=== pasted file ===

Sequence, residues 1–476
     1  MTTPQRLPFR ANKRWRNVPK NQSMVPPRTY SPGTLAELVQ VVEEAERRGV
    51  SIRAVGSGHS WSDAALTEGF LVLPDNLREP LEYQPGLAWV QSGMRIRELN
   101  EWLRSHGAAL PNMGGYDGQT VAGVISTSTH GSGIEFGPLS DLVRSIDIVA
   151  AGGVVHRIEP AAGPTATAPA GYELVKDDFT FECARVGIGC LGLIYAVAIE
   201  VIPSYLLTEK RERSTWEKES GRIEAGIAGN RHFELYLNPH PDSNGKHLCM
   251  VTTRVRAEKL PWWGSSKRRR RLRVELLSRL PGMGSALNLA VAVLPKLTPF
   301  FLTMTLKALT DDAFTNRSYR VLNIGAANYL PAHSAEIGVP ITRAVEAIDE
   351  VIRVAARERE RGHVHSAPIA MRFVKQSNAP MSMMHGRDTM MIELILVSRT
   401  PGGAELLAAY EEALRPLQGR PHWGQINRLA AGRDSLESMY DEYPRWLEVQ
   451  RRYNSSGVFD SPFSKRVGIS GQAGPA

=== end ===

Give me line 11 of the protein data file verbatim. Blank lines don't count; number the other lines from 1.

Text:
   451  RRYNSSGVFD SPFSKRVGIS GQAGPA